Jim Cymbala began the Brooklyn Tabernacle with less than twenty members in a small, rundown building in a difficult part of the city. A native of Brooklyn, he is a longtime friend of both David and Gary Wilkerson.

The Hour of Isolation

David Wilkerson (1931-2011)

I know what it is like to face divine silence, to not hear God’s voice for a season. I have walked through periods of total confusion with no apparent guidance, the still small voice behind me completely silent. There were times when I had no friend nearby to satisfy my heart with a word of advice. All my patterns of guidance from before had gone awry, and I was left in total darkness. I could not see my way, and I made mistake after mistake. So often, I wanted to cry out in desperation, “O God, what has happened? I don’t know which way to go!”

Does God really hide his face from those he loves? Is it possible that he lifts his hand for a short time to teach us trust and dependence?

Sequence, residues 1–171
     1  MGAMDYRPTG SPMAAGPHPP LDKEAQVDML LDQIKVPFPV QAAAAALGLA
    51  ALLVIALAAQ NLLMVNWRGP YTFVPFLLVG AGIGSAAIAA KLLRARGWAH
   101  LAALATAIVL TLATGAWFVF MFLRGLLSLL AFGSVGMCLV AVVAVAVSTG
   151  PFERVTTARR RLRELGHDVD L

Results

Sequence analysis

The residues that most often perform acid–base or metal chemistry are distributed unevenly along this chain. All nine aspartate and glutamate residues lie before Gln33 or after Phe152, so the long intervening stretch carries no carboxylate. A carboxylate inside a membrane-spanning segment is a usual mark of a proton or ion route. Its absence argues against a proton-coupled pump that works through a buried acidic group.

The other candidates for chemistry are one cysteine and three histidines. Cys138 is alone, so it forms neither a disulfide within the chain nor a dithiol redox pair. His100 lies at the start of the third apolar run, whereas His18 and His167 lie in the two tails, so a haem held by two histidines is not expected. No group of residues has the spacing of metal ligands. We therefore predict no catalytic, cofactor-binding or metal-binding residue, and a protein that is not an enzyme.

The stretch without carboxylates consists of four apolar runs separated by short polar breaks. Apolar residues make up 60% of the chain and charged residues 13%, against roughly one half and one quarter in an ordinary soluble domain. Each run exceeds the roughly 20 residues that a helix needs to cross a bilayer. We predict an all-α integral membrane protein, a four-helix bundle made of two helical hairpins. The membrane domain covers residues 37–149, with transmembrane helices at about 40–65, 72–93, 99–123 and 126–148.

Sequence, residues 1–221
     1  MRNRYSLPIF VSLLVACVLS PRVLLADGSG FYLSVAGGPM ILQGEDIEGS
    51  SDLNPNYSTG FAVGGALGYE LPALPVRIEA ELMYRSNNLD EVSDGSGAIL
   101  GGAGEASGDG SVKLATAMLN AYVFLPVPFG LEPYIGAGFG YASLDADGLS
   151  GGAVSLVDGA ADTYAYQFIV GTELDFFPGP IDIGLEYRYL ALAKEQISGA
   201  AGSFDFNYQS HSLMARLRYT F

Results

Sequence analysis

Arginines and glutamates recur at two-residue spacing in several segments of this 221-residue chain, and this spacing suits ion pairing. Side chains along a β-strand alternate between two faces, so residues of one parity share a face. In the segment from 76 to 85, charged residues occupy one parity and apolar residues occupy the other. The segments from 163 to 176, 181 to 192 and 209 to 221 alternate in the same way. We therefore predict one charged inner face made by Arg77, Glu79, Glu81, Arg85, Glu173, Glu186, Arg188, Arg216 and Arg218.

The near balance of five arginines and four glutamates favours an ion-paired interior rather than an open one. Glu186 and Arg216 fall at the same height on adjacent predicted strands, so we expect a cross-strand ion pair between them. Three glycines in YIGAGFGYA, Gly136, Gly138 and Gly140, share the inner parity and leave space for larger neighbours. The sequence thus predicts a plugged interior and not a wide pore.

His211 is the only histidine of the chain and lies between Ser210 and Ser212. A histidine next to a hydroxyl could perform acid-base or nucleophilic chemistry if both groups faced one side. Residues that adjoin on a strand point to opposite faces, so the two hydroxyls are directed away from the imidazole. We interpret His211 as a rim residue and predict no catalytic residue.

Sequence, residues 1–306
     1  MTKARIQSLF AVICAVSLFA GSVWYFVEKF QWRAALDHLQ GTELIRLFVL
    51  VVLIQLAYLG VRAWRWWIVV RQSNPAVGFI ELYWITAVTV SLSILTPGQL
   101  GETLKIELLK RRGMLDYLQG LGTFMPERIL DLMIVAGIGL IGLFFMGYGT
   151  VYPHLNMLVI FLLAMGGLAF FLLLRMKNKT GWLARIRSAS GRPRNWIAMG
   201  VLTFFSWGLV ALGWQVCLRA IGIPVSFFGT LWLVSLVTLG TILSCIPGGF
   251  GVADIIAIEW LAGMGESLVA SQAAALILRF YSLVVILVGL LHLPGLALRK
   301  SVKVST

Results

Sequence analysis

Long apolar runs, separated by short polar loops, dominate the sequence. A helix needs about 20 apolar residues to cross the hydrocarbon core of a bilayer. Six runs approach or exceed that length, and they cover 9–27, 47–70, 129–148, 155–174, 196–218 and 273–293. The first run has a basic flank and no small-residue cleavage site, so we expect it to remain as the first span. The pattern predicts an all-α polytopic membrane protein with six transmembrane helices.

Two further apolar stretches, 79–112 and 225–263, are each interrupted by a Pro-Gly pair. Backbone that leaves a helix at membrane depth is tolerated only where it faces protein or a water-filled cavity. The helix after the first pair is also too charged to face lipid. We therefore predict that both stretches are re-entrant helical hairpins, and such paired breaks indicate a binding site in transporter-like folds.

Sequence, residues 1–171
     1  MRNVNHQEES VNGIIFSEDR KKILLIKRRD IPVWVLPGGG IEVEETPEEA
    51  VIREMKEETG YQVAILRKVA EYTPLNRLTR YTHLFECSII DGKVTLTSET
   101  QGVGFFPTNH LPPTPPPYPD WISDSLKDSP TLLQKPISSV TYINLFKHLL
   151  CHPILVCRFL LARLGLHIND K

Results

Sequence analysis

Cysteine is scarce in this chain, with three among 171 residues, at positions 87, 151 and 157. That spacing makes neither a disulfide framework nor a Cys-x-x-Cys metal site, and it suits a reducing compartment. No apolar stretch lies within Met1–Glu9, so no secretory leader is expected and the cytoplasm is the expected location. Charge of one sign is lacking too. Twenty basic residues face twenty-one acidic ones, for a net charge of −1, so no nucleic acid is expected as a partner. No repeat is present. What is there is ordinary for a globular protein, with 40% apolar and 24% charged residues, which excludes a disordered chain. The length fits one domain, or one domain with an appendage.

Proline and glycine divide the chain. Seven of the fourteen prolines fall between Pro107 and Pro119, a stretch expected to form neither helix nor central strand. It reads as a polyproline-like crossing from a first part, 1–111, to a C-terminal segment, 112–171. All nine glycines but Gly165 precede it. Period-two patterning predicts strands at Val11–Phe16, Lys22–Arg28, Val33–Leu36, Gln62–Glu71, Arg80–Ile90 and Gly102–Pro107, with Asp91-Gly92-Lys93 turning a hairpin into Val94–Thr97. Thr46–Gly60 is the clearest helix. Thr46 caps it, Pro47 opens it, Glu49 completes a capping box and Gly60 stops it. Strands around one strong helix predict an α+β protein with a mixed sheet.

The Bible answers clearly, “God withdrew from him [Hezekiah], in order to test him, that He might know all that was in his heart” (2 Chronicles 32:31, NKJV). We may assume that we have a pure heart, but any issue of trust or pet sins that we may be harboring will quickly be revealed as we wrestle with God’s silence.

You may be going through a flood of trials right now. You know what I’m talking about when I say the heavens are like brass. You know all about repeated failures. You’ve waited and waited for answers to prayer. You’ve been served a cup of affliction. Nothing and nobody can touch that crushing need in your heart.

That’s the time to take your stand! You don’t have to be able to laugh or rejoice, because you may not have any happiness at the moment. In fact, you may have nothing but turmoil in your soul, but you can know God is still with you, because Scripture says, “The Lord sat enthroned at the Flood, and the Lord sits as King forever” (Psalm 29:10).

Soon you will hear his voice. Don’t get excited. Don’t panic. Just keep your eyes on the Lord. Commit all things to your heavenly Father. You will be assured that you remain the object of his incredible love.

Why the Lord Delays His Answer